Electronic controls provide several efficiency-improving features. They create a communications link between the engine and transmission to ensure the selection of the most efficient gear based on engine speed and load. They also make automated functions possible. Case loaders, for example, have "Return to Dig" and "Return to Travel" settings that optimize settings for load and carry applications or truck loading.
Other efficiency-enhancing features include limited-slip axles, which transfer power away from a slipping axle to improve traction, and load scales that measure how much has been loaded into a specific truck. "Trucks that are overfilled won't last as long and can lead to citations and fines," says Keery. "Underfilled trucks aren't fully utilized, which lowers efficiency."
Last but not least, designers have revamped the cab to improve efficiency by reducing operator stress and fatigue. They have simplified controls, improved visibility and made the cab more comfortable.
"Modern, ergonomic cab designs and excellent ride quality keep the operator free from fatigue for longer periods of time, which results in higher productivity," says Seyrlehner. "Travel gear and power hydraulics can be precisely controlled from a single lever, reducing the operator's physical effort and the risk of errors."
Additional efficiencies can be achieved by an experienced operator. Following are some recommended practices:
- Don't allow the loader to idle for more than 10 minutes. Unnecessary idling wastes fuel.
- Allow the machine to do the shifting. Auto-shift transmissions determine the best gear for specific loads and tasks, which improves fuel efficiency and allows the loader to travel at maximum controlled speeds.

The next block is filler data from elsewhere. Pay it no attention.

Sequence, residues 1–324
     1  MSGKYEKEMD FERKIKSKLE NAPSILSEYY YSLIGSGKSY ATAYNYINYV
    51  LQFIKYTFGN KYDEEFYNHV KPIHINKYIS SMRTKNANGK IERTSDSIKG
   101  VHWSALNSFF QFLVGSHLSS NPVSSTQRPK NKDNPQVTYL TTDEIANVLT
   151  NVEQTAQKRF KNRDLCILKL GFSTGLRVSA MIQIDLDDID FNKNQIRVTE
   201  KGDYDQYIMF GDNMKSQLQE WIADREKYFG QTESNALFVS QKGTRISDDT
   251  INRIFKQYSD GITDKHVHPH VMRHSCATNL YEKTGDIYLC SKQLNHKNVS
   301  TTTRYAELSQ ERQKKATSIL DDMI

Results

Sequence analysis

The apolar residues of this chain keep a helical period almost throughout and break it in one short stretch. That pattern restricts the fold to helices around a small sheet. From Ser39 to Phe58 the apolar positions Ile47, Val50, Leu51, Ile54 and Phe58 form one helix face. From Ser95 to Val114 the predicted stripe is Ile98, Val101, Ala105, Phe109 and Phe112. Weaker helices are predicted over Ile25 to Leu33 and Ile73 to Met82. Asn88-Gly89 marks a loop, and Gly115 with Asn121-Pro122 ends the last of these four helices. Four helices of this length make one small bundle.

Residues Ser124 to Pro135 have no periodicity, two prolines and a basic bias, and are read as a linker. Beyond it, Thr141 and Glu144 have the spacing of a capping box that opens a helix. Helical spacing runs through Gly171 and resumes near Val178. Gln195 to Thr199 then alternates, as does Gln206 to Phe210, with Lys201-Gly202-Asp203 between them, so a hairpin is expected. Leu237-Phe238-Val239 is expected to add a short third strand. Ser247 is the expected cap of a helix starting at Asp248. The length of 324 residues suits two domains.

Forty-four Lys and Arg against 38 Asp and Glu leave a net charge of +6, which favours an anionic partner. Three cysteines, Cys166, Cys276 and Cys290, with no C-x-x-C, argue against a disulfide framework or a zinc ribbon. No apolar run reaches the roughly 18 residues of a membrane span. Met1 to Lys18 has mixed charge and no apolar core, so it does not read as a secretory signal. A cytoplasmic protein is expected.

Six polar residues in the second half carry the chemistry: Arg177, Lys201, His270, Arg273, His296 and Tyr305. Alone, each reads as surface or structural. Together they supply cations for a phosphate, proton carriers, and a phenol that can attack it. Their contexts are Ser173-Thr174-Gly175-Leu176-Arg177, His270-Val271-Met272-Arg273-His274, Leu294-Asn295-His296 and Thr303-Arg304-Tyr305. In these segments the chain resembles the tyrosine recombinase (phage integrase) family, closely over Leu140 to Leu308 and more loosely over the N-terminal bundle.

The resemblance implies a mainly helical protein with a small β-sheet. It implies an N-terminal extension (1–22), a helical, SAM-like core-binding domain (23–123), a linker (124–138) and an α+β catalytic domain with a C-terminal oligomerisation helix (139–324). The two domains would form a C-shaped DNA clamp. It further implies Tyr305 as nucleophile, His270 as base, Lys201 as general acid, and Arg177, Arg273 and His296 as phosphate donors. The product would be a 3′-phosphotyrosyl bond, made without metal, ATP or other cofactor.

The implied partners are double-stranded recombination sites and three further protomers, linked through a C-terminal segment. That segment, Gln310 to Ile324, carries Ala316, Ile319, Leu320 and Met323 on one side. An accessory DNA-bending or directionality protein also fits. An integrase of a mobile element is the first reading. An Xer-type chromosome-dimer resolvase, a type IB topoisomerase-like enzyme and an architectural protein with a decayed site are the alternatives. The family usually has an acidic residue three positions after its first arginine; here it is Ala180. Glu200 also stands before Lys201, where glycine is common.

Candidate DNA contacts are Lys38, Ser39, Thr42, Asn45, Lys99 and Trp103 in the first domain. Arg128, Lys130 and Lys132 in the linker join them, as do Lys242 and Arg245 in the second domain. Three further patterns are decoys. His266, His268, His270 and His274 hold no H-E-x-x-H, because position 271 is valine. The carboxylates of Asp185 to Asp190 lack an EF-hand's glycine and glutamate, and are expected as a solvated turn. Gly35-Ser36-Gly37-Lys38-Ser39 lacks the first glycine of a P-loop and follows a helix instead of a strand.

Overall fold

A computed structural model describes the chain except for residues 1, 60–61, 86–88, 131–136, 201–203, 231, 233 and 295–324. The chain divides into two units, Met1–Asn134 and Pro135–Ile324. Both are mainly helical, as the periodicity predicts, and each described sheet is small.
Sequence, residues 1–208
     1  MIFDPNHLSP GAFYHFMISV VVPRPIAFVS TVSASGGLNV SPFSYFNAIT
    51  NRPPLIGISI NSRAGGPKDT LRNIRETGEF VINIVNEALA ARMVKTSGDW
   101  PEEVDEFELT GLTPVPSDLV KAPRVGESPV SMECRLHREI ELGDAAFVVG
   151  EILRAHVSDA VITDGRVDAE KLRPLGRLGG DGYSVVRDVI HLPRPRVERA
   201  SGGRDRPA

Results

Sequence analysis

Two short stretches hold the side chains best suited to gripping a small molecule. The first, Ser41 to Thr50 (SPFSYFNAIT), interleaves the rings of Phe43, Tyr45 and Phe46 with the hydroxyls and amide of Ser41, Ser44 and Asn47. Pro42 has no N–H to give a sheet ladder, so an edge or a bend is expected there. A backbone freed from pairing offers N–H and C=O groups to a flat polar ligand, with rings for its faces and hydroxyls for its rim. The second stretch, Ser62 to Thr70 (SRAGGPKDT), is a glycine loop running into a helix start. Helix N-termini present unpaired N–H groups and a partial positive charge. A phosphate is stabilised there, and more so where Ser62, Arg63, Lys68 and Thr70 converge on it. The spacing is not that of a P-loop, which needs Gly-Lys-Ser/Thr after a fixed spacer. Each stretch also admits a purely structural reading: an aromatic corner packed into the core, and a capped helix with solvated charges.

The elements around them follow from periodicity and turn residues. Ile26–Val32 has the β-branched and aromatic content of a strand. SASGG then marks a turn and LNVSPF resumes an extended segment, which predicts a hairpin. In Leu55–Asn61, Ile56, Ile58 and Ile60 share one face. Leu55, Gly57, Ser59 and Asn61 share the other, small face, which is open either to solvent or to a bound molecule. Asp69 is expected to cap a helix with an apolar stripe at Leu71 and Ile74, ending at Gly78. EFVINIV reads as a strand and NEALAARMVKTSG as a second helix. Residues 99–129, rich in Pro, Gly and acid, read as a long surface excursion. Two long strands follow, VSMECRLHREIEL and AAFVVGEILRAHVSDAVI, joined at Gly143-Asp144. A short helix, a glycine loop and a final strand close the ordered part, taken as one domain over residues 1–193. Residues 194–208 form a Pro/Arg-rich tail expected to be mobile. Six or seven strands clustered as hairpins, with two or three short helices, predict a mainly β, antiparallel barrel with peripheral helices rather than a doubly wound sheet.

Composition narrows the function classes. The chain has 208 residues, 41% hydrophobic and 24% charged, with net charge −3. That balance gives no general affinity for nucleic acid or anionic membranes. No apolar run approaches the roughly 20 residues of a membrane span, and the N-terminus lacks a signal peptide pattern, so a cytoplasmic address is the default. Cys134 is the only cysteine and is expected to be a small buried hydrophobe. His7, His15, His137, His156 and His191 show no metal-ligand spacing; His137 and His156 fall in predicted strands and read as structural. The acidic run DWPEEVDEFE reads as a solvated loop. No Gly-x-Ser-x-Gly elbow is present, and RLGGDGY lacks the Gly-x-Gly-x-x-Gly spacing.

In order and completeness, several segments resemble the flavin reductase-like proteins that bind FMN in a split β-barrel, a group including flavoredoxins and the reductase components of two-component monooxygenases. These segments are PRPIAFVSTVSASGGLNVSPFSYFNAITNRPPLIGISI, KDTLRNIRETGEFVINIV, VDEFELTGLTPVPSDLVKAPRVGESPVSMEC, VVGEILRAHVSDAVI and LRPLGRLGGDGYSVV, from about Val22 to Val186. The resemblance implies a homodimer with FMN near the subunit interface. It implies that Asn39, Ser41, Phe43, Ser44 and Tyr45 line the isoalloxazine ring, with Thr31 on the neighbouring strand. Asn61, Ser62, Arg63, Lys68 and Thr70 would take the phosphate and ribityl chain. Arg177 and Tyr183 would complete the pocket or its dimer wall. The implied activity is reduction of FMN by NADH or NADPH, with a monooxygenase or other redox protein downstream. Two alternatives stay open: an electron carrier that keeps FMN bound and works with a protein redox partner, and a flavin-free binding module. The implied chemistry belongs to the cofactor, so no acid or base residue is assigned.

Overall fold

- Don't spin the tires when entering a pile. "Buckets are filled effectively by penetrating the pile and manipulating the bucket and arms," says Wolf. "When tires are spinning, you are not penetrating the pile. You are losing production and increasing tire wear."
- Check tire pressure. "Properly inflated tires have a dramatic effect on the load-carrying capacity," says Keery. Uneven tire pressure can cause the loader to lean to one side, which will cause uneven wear on the bucket's cutting edge.
- Tire selection also is important. Radial tires provide superior ride quality and traction, which improves machine handling.
- Fill the fuel tank at the end of each workday. This will help prevent condensation in the tank and eliminate the need for a fuel stop during the workday.
Onboard weighing can improve loading accuracy
Onboard weighing systems can serve as the "eyes and ears" of equipment managers seeking to track wheel loader performance. As load data is captured, it is transferred to computers where it can be used to determine whether the loaders are being used as productively and efficiently as possible.
The primary function of an onboard weighing system is to weigh and display each load as it is being lifted so that a truck can be correctly loaded the first time. Most systems have the ability to calculate how much additional material is required for the truck to meet its legal limit, giving the loader operator the ability to adjust the final load as needed.
"Operators don't like to be loading by guesswork or loading blind," notes Leo Smith, managing director of Loadrite. "They prefer knowing how much is going on as they are loading, so that they can load the truck accurately."
Truck drivers are also ensured they are loaded to legal capacity and are not a candidate for an overload fine. Correctly loaded vehicles also perform in a predictable way, allowing drivers to maintain their expected braking distance and track reliably around corners. In addition, fleet managers benefit from lower maintenance costs since their trucks are not exposed to excessive wear and tear as a result of accidental overloading.
Data captured at the time of loading can be transferred back to an office computer for ongoing analysis and review. This transfer can happen in real time via the use of a radio modem, or a data capsule can be taken from the weighing system and plugged into the computer at the end of the shift or the end of the day.
Onboard weighing systems can be integrated with dedicated printers to create dockets as soon as a load-out is complete. Load information can be captured real time and/or stored to create reports that will improve management of the loading process.